• 1/8 teaspoon coarsely-ground black pepper or to taste

Instructions

  1. Cut the cabbage into 4 quarters, remove the core from each quarter, then coarsely chop each quarter into smaller pieces to aid in grinding nicely in the processor . Working in batches, place one quarter of the coarsely-chopped cabbage in the work bowl of a food processor fitted with a steel blade. Using a series of 25 -30 rapid on-off pulses, process to a fine chop. Transfer cabbage to a large baking pan that has been lined with parchment paper and a few layers of paper towels and refrigerate for about an hour to drain.
  2. Prep the bell peppers as directed, and, in two batches, using a series of 15 rapid on-off pulses, process them to a fine chop. Place chopped peppers on a paper towel lined plate and refrigerate for about an hour to drain.
  3. Place the cabbage and peppers in a large bowl. In a bowl, stir all of the dressing ingredients together.
  4. Pour the dressing over the cabbage and peppers and stir thoroughly. Cover the bowl with plastic wrap and refrigerate, several hours or preferrably overnight, giving it a stir whenever it's convenient.
http://www.acoalcrackerinthekitchen.com/2018/09/19/pa-dutch-pepper-cabbage/

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postheadericon Browned Butter Egg Noodles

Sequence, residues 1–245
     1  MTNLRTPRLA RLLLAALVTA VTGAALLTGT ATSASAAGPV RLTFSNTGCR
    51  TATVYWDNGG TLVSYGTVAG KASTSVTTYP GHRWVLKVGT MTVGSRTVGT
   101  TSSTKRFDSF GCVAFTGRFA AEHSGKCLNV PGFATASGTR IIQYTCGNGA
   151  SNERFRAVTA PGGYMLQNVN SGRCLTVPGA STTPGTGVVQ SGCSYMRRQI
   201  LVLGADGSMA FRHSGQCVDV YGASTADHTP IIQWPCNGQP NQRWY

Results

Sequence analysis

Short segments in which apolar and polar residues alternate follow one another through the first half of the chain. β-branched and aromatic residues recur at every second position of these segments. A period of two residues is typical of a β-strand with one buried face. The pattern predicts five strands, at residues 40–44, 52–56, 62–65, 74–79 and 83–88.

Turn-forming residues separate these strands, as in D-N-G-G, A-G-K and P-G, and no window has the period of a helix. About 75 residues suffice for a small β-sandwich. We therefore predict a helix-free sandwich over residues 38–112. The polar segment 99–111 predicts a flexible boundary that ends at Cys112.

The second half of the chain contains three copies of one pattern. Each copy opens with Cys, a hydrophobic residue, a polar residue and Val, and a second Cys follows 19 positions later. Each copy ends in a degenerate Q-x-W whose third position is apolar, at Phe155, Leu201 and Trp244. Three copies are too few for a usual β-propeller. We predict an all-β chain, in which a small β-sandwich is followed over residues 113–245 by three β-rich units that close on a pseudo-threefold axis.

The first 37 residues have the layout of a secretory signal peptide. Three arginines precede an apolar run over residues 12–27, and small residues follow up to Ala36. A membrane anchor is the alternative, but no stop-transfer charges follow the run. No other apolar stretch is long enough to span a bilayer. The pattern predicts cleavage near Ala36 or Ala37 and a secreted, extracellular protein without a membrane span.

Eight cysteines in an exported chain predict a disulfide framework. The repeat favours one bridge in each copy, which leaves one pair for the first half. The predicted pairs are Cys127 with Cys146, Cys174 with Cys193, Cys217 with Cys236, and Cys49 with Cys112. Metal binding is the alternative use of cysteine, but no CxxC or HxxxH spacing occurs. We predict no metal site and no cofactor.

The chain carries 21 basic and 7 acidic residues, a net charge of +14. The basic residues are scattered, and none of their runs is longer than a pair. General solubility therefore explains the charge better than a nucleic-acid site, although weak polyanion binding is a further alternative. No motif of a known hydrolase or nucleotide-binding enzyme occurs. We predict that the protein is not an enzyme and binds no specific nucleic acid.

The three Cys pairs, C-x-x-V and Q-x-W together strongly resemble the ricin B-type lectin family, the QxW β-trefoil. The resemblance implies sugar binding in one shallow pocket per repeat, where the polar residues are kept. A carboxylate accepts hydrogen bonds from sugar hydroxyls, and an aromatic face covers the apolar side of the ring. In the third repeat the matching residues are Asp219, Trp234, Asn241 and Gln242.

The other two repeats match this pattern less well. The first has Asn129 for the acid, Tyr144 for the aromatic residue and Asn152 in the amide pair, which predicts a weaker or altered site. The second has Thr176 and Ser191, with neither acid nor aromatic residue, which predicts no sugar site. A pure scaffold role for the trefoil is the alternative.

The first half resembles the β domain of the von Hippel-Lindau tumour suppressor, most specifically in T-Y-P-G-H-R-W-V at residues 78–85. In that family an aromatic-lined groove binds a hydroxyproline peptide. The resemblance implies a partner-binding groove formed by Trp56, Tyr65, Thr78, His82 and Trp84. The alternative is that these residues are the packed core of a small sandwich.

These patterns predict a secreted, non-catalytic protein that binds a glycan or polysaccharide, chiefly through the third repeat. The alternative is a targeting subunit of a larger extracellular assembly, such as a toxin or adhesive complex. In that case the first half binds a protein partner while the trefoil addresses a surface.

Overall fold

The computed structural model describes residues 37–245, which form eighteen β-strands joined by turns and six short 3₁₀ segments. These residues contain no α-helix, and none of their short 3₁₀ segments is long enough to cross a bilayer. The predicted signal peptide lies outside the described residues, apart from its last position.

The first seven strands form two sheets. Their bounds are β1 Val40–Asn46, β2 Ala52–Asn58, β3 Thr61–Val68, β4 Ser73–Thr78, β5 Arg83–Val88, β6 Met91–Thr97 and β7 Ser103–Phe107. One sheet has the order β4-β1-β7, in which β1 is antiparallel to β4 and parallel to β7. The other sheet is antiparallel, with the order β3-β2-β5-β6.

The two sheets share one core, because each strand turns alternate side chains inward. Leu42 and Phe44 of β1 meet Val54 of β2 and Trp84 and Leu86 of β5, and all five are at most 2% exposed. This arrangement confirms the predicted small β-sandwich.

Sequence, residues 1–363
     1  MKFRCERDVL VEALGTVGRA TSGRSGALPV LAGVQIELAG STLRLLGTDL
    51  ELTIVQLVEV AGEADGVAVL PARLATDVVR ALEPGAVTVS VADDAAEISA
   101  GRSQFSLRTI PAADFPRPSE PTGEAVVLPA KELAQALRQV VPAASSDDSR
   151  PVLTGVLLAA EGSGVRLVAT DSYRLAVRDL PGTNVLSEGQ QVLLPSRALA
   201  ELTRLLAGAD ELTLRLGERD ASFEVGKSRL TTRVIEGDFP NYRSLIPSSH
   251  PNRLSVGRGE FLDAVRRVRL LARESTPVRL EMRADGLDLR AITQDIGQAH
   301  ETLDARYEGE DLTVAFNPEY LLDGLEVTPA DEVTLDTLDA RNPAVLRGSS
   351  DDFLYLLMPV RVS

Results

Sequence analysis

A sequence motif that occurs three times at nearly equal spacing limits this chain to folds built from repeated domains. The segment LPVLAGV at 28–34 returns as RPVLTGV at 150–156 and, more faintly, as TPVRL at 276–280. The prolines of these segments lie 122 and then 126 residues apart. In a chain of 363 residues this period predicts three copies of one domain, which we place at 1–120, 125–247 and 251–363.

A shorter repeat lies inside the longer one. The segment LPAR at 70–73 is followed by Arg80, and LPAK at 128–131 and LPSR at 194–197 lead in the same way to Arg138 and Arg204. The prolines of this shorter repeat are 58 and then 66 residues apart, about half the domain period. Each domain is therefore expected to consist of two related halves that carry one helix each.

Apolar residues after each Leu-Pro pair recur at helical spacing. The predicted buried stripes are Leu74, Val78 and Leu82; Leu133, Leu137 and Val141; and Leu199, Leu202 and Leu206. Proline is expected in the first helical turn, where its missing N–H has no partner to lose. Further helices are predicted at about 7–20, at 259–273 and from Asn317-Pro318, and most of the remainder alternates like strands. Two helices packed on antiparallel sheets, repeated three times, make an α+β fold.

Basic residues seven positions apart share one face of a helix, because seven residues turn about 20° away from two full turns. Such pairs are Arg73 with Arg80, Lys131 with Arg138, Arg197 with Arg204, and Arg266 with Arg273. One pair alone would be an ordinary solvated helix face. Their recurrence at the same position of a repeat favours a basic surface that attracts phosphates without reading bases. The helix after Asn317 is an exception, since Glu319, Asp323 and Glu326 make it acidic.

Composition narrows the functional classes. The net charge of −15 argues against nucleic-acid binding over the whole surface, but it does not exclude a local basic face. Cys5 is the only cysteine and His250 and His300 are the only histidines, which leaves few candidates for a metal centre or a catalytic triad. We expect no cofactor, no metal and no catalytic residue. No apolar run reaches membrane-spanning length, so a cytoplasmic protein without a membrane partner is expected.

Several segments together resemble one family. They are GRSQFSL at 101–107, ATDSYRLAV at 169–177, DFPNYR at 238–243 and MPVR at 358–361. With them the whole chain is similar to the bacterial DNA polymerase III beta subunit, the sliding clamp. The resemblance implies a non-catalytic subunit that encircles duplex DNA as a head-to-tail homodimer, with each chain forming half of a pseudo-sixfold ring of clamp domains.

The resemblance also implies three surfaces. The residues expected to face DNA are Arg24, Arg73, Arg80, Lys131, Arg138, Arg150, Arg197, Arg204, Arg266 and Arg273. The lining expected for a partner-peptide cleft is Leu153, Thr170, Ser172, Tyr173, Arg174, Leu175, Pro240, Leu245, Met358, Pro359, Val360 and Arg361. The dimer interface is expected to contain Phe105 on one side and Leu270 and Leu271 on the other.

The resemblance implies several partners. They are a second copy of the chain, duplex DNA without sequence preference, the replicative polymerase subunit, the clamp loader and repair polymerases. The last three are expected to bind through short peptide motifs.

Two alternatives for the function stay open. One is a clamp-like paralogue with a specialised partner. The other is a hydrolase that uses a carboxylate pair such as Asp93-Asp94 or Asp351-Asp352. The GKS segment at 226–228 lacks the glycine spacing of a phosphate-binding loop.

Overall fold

It does not get any simpler than this…Tender cooked egg noodles tossed with nutty, roasted browned butter and bread crumbs. I am Dutchie and Coal Cracker through and through and never met a noodle I didn’t like.  Top them with browned butter and I am in love. This is a dish that can accompany many meats and vegetables as a side, especially yummy with gravy or sauces, but I have a confession — I love them all by themselves, nestled in the middle of a warm plate, just begging to be adored and devoured! My childhood is filled with memories of Mom making these and they are still an absolute favorite of mine. A tip: do not walk away while browning the butter.  It can go from “not-quite-there-yet” to “well, that didn’t go as planned burned” almost in the blink of an eye.

Browned Butter Noodles

Browned Butter Egg Noodles

Ingredients

  • 8 ounces dried egg noodles, size noodle of your choice from thin to very wide
  • 4 tablespoons butter (or more to taste)
  • 1/2 cup plain dried breadcrumbs
  • Salt and pepper to taste
  • 2 tablespoons chopped fresh parsley

Instructions

  1. Cook the noodles in lightly salted water according to package directions. Drain and return to pot.
  2. Heat the butter in a small saucepan over medium-high heat until brown, watching carefully to make sure it does not burn. Heat slowly, stir often, and DO NOT WALK AWAY!
  3. Once lightly brown and emitting a slight "nutty" fragrance, immediately remove from the heat.
  4. Add breadcrumbs and stir until the crumbs are well coated. Add the drained noodles, toss to coat and season to taste with salt and pepper.
  5. Sprinkle with the parsley when serving. Serve immediately.
  6. Notes: You can use more or less butter as desired. When browning butter, stir at the bottom of the pan. That is where the butter browns and burns the fastest. If your pan has a dark interior, you will have to scoop some of the butter into a spoon to check the color.
http://www.acoalcrackerinthekitchen.com/2018/09/19/browned-butter-egg-noodles/